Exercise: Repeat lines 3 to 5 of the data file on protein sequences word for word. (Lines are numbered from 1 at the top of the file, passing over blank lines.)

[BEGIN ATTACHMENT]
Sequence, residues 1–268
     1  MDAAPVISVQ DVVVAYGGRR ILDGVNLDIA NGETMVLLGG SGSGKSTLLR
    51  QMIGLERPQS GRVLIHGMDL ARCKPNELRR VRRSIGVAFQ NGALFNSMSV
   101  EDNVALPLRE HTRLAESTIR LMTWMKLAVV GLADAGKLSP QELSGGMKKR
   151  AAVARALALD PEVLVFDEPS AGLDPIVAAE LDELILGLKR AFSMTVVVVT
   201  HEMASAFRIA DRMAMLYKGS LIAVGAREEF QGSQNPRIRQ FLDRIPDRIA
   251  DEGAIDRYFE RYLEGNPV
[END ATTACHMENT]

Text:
    51  QMIGLERPQS GRVLIHGMDL ARCKPNELRR VRRSIGVAFQ NGALFNSMSV
   101  EDNVALPLRE HTRLAESTIR LMTWMKLAVV GLADAGKLSP QELSGGMKKR
   151  AAVARALALD PEVLVFDEPS AGLDPIVAAE LDELILGLKR AFSMTVVVVT